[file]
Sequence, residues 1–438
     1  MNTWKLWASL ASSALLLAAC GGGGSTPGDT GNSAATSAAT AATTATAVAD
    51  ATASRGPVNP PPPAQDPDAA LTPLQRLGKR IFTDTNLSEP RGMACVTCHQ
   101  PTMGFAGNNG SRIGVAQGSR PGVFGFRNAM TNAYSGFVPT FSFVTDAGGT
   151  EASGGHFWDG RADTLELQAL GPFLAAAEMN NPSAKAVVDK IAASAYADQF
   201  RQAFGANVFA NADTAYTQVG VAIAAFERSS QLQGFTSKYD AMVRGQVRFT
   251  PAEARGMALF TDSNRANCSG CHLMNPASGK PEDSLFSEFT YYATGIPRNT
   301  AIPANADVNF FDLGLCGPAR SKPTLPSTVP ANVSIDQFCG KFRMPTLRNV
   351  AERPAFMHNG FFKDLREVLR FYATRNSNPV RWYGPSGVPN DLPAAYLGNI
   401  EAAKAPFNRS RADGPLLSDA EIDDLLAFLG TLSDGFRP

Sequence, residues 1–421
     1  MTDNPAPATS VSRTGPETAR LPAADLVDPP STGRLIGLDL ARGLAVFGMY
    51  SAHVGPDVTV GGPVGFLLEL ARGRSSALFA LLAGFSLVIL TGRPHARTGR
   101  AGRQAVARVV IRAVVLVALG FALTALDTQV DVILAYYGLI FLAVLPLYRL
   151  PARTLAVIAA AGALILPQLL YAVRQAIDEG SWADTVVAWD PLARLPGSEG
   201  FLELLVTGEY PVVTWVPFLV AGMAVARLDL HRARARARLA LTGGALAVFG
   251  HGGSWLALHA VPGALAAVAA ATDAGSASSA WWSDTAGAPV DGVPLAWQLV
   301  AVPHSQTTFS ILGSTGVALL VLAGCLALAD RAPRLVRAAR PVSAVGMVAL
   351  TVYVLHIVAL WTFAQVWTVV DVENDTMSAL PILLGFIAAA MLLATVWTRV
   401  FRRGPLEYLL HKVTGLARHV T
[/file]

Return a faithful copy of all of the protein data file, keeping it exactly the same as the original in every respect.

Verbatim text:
Sequence, residues 1–438
     1  MNTWKLWASL ASSALLLAAC GGGGSTPGDT GNSAATSAAT AATTATAVAD
    51  ATASRGPVNP PPPAQDPDAA LTPLQRLGKR IFTDTNLSEP RGMACVTCHQ
   101  PTMGFAGNNG SRIGVAQGSR PGVFGFRNAM TNAYSGFVPT FSFVTDAGGT
   151  EASGGHFWDG RADTLELQAL GPFLAAAEMN NPSAKAVVDK IAASAYADQF
   201  RQAFGANVFA NADTAYTQVG VAIAAFERSS QLQGFTSKYD AMVRGQVRFT
   251  PAEARGMALF TDSNRANCSG CHLMNPASGK PEDSLFSEFT YYATGIPRNT
   301  AIPANADVNF FDLGLCGPAR SKPTLPSTVP ANVSIDQFCG KFRMPTLRNV
   351  AERPAFMHNG FFKDLREVLR FYATRNSNPV RWYGPSGVPN DLPAAYLGNI
   401  EAAKAPFNRS RADGPLLSDA EIDDLLAFLG TLSDGFRP

Sequence, residues 1–421
     1  MTDNPAPATS VSRTGPETAR LPAADLVDPP STGRLIGLDL ARGLAVFGMY
    51  SAHVGPDVTV GGPVGFLLEL ARGRSSALFA LLAGFSLVIL TGRPHARTGR
   101  AGRQAVARVV IRAVVLVALG FALTALDTQV DVILAYYGLI FLAVLPLYRL
   151  PARTLAVIAA AGALILPQLL YAVRQAIDEG SWADTVVAWD PLARLPGSEG
   201  FLELLVTGEY PVVTWVPFLV AGMAVARLDL HRARARARLA LTGGALAVFG
   251  HGGSWLALHA VPGALAAVAA ATDAGSASSA WWSDTAGAPV DGVPLAWQLV
   301  AVPHSQTTFS ILGSTGVALL VLAGCLALAD RAPRLVRAAR PVSAVGMVAL
   351  TVYVLHIVAL WTFAQVWTVV DVENDTMSAL PILLGFIAAA MLLATVWTRV
   401  FRRGPLEYLL HKVTGLARHV T